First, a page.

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Moved to Germany; How can I keep my FAA PPL current without flying to the US?

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Moved to Germany; How can I keep my FAA PPL current without flying to the US?

Old 17th Jan 2019, 14:29
  #1 (permalink)  
Thread Starter
 
Join Date: Nov 2018
Location: Munich
Posts: 4
Moved to Germany; How can I keep my FAA PPL current without flying to the US?

I have an FAA PPL, ~130 hours, and recently moved to Germany. I have a very long to-do list to go through the EASA conversion, and I'd like to stay "current" meanwhile / do some fun flights if possible before the full conversion happens. My BFR expires in July, and I'm really hoping I don't need to fly back to the US to keep "current."

Is there anywhere closer to Europe that has FAA-registered aircraft that I could fly (with a local instructor)? Is it possible that an EASA-rated instructor pilot + EASA plane could be used to suffice for a BFR for the FAA license? Any other creative solutions?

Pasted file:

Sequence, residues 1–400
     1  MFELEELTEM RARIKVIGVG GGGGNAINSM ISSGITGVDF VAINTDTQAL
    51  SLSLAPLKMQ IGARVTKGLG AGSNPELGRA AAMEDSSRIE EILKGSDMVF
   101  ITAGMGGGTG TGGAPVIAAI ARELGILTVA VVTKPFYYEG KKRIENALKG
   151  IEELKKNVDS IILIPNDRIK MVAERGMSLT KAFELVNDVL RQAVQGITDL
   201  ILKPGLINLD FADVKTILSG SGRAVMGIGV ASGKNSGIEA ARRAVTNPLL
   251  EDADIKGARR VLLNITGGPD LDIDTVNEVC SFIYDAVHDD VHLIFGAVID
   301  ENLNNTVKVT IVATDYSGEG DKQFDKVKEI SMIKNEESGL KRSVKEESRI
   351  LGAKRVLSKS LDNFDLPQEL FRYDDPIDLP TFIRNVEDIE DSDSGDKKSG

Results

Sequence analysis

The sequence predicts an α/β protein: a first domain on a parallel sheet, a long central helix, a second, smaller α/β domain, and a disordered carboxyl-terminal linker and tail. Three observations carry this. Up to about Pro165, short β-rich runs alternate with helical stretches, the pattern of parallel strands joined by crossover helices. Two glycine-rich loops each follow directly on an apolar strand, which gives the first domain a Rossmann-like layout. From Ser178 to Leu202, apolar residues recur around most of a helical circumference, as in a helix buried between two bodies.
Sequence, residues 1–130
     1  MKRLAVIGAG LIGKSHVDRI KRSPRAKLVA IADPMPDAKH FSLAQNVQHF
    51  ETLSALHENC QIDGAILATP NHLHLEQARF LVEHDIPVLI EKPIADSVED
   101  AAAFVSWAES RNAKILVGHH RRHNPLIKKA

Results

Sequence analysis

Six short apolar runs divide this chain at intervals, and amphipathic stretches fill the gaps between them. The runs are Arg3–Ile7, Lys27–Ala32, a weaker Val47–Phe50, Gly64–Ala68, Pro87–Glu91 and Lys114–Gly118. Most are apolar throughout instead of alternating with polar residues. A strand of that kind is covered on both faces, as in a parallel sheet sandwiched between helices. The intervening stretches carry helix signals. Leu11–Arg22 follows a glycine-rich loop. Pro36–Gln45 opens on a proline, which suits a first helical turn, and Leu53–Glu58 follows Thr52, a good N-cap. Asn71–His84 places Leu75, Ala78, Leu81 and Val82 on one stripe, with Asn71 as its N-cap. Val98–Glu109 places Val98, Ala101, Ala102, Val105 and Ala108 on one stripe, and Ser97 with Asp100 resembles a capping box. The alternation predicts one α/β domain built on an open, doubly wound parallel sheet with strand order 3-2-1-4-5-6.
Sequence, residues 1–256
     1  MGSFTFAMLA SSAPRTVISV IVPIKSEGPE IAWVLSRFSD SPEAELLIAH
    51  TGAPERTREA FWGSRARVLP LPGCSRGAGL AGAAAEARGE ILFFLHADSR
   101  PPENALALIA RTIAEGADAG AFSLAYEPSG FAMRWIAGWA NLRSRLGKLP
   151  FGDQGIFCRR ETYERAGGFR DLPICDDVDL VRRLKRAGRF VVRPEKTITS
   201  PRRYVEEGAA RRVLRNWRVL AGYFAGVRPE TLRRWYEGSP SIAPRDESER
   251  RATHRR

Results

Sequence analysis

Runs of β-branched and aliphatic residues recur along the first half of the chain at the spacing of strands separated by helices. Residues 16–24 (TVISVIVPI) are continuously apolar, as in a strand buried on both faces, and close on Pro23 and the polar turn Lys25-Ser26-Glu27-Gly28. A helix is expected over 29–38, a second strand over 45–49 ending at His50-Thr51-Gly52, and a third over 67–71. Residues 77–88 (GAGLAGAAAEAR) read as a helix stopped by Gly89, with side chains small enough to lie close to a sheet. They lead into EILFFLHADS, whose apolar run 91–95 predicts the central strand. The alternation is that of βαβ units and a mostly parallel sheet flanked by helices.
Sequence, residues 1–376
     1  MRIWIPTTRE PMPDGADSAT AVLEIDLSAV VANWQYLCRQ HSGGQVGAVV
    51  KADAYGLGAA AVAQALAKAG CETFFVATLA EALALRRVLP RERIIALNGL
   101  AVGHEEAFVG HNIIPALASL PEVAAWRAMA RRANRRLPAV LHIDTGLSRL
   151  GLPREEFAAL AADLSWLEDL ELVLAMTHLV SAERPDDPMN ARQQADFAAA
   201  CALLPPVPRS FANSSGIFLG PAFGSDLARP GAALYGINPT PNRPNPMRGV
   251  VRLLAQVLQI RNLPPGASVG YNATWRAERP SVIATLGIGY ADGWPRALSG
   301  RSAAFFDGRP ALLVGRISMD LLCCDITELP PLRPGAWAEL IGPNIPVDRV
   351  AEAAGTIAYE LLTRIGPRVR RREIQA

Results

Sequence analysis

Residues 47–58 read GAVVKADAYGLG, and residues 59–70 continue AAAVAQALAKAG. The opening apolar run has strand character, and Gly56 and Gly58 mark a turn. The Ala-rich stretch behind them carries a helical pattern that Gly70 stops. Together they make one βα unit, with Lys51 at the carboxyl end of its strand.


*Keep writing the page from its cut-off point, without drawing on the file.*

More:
Also... any of you have a plane in Europe and want to fly?? I'm happy just being a copilot/passenger occasionally, to save some money (an engineer's pay here is NOT what it is back in the 'states!)

Thanks!!
jb68321 is offline  
Old 17th Jan 2019, 15:07
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Join Date: Oct 2007
Location: Here
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You need an FAA instructor, but that's it (I think it can even be done in a EASA-reg aircraft - someone can confirm). There must be a bunch of these in Germany...

Second suggestion, get active on the local flying FB sites, flying clubs etc. - there'll be lots of people happy to share cost to fly more...

Safe flights, Sam.
Sam Rutherford is offline  
Old 17th Jan 2019, 15:08
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Join Date: May 1999
Location: Quite near 'An aerodrome somewhere in England'
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Hi jb68321. Might I suggest that you contact AOPA (Germany) at https://aopa.de/ueber-uns/kontakt/kontakt.html ?

See also https://aopa.de/ueber-uns/for-foreig...gn-pilots.html .
BEagle is offline  
Old 17th Jan 2019, 15:25
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Join Date: Nov 2018
Location: Munich
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Originally Posted by BEagle View Post
Hi jb68321. Might I suggest that you contact AOPA (Germany) .